Monday, January 12, 2009

The Highway Of Ideas

(Note: Now that I'm finally settled in my new apartment, posts and comments on other blogs/sites will be resuming on a regular basis. It has been a hectic few weeks, and I have quite a bit of catching up to do.)

In the interest of getting my first post of the new year completed, I recently checked out The Best American Essays 2008, hoping to find an essay or two to analyze, therefore getting back into a more disciplined posting schedule. There was an ulterior motive at hand as well. For the most part, I classify my posts as "essays," save for the occasional review, link, or announcement. So, what better way to get back on the essay train than by reading a collection of them? Granted, this can seem pretty obvious, perhaps even pointless, to a degree, at least in the sense of being a sort of revelation. There really is no revelation in that statement. It's no different than a painter becoming inspired by an afternoon walk in a gallery, or a woodworker getting ideas from a craft book. While inspiration can seem sweeter when found in unexpected places, sometimes, you have to take what you can get. Luckily, I didn't have very far to go. Adam Gopnik's introduction to the collection was affirming, as well as right, at least in my opinion and situation.

"The ideal essay has facts and feelings, emotions and thoughts, an argument about and an anecdote from, parallel and then crisscrossing, all over it. It is a classical form for short-winded romantics, a way of turning a newborn feeling back into a series of pregnant sentences (Gopnik xv)."

How true this is. My consistency with essays (and this blog, for that matter) sprung from a need to refocus on both kinds of writing, both fictional and non-fictional. Since I was in a fiction-writing dry spell at the time, I felt that essays would jump-start my creative practices, and so far, they have helped immensely. While I do my best to keep memoir essays and anecdotes to a minimum, Gopnik stresses that personal events and emotions are vital to the craft. Journalism (Gonzo aside) requires neutrality, while essay-writing can be more relaxed. As much as I have a tendency to apologize for my own notions of memoir/anecdote additions, I have to realize that their inclusions are not always forbidden. I think this goes back to when I interviewed Chuck Palahniuk while in college. I remember him shaking his head as he commented that "even teenagers are writing memoirs now." As long as my essays stay focused on the main subjects, a dash of personal reflections or asides, appropriately placed, are acceptable.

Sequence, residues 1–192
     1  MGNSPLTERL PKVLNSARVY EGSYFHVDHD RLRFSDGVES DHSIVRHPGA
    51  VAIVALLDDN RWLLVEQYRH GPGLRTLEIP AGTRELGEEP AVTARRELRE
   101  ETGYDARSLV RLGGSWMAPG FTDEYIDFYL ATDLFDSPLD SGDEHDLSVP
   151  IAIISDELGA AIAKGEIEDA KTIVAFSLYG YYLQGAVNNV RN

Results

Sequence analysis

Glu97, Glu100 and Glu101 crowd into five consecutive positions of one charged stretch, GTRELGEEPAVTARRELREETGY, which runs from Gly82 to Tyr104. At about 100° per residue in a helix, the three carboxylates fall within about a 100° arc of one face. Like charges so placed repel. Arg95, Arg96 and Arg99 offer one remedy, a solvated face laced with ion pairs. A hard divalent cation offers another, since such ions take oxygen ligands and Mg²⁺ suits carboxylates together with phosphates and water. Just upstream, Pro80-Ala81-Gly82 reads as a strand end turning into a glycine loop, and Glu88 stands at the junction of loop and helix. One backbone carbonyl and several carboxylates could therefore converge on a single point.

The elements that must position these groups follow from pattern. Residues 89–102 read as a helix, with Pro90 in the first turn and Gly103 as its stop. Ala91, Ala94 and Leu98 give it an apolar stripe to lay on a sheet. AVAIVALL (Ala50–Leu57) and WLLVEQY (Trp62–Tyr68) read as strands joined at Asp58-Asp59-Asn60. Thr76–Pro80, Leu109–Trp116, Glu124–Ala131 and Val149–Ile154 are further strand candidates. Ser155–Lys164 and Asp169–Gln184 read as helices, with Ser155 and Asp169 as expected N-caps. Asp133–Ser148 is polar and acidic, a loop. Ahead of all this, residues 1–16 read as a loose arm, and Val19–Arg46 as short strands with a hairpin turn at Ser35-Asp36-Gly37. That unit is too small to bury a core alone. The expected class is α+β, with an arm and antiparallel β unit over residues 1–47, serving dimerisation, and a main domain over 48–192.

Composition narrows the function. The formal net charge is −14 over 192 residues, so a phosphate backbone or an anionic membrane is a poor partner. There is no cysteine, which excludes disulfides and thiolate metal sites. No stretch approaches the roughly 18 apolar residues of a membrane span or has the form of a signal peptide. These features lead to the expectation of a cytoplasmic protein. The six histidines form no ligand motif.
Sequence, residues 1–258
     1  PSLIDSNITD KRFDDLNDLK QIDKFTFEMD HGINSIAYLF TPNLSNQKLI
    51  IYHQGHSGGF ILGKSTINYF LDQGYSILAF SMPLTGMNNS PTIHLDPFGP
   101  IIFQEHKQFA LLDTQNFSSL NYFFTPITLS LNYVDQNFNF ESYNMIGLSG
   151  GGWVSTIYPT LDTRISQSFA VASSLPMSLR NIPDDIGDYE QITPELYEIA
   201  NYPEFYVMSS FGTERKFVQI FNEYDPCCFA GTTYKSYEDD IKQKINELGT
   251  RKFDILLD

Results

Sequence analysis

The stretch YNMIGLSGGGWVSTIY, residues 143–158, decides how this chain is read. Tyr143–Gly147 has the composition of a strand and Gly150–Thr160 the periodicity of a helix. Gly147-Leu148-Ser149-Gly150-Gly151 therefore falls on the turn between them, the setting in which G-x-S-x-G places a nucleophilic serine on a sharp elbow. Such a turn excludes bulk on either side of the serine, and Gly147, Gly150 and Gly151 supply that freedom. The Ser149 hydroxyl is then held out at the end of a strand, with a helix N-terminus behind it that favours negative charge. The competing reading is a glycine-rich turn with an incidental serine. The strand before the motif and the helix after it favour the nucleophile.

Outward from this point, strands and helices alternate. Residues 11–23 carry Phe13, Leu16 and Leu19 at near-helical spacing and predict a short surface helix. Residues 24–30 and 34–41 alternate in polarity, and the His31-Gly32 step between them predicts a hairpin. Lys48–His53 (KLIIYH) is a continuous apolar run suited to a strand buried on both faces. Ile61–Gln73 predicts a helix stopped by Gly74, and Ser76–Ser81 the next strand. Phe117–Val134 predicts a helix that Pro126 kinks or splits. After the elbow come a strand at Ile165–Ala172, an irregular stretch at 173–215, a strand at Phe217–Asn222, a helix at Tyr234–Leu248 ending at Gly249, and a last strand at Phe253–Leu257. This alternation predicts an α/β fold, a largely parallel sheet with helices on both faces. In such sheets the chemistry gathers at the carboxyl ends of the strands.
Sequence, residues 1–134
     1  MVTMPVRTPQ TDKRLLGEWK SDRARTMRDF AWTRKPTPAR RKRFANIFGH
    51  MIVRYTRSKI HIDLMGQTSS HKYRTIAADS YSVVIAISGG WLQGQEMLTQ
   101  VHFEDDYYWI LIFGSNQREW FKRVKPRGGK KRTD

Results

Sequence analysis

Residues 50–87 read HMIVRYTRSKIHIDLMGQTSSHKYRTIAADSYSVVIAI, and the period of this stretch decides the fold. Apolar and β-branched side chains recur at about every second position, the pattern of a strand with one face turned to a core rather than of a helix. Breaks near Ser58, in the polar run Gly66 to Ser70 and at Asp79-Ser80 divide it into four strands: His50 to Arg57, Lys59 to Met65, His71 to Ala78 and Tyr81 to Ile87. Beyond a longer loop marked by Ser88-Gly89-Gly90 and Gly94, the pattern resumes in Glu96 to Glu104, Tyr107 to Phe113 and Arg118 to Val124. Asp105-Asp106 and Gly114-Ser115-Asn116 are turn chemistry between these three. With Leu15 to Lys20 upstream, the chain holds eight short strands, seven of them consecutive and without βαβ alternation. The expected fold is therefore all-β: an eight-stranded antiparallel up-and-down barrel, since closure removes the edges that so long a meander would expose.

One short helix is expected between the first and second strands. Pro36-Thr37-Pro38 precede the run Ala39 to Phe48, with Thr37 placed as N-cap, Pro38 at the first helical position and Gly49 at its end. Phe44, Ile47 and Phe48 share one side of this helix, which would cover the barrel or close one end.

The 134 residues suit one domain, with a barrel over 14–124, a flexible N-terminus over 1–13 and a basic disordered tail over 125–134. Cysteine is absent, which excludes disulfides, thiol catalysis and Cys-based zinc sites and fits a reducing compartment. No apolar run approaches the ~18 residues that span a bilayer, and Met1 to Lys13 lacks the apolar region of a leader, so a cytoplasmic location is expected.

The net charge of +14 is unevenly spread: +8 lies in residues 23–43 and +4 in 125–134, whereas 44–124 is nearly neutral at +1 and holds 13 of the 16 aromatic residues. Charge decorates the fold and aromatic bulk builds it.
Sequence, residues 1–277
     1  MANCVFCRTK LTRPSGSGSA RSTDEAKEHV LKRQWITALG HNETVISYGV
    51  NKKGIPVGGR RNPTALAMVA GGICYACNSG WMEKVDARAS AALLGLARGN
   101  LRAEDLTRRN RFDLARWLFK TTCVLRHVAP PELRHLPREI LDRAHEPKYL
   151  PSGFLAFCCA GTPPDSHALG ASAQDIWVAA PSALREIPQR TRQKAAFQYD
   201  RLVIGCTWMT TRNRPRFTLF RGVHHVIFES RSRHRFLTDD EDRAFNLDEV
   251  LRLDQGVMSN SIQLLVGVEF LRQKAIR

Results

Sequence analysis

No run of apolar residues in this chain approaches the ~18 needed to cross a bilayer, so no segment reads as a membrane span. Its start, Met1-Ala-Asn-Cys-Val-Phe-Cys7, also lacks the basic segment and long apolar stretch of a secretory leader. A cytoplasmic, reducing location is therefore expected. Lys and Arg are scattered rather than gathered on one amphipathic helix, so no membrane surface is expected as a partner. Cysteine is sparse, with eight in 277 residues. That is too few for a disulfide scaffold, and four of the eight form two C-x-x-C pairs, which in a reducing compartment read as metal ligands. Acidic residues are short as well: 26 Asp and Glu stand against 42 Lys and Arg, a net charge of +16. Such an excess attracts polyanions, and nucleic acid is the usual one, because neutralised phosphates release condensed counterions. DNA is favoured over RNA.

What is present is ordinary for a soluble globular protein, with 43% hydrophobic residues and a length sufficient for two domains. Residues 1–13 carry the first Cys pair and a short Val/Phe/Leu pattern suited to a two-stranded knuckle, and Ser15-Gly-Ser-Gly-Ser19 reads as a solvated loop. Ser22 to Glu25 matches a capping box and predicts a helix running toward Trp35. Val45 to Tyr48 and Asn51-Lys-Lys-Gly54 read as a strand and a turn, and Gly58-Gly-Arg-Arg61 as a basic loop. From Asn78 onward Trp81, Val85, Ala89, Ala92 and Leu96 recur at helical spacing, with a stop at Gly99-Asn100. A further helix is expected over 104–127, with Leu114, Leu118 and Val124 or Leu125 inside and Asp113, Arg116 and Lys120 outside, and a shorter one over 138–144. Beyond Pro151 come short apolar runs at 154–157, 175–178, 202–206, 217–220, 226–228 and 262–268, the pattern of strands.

Gopnik cites three types of essays: review, memoir (already discussed above), and odd-objects. The latter is "perhaps, the, well, oddest of the essay forms, but one that thrives in strange places. This is the kind that takes a small, specific object, a bit of material minutia...and finds in it a path not just to a larger point but also to an entirely different subject (xvii)." Again, these classifications brought me some much-needed solace, since I think that a bulk of my non-fiction is a hybrid of review and odd-object. When I discuss older works, I hesitate to call them "reviews," since the statute of limitations (or, more simply, the "newness") has long passed. For example, writing on Casablanca falls into the essay category. Since the film came out in 1942, and hundreds have already written and discussed it, calling a new look on it a "review" would be greatly outdated. The notion of "odd-object" is one that I feel I've used pretty regularly. While I haven't written about any piece of art strictly as its own metaphor, I enjoy making somewhat odd connections between vastly different works. This may not fit the definition completely, but it's the best of the three categories which Gopnik lists.

With respect to editing and (most importantly) feedback, I'm going to be doing away with an annoying habit that I've developed. Usually, when I post an essay that I'm not particularly proud of, barely a day passes when I add my own comment, either apologizing for or rationalizing the poor effort. While I'm not absolving myself of sometimes subpar writing, I fully believe that "when the essayist goes wrong, it's with too long a trip down the highway of ideas (xxii)." I can think of a few instances in which I either tried to fit too much information into a single, short piece, or I didn't fully express the main theme of the article at hand. From now on, instead of immediately apologizing, I'll let readers take the good with the bad, and to comment favorably as well as negatively if needed. As I mentioned above, more readings and writings are forthcoming. In my haste to get caught up, reading a few pages like Gopnik's introduction has proven very helpful, not to mention affirming. As I'm sure I've mentioned numerous times here, my focus needs to be on quality.

Work Cited:
Gopnik, Adam. The Best American Essays 2008. Introduction copyright 2008 by Adam Gopnik.

1 comment:

Joshua said...

I have the same inclination to add a disclaimer to my lesser writings, but I think it's better for the essays' consistency to just to let it go. That way you try to keep the standards higher. Even though it totally doesn't work all the time.

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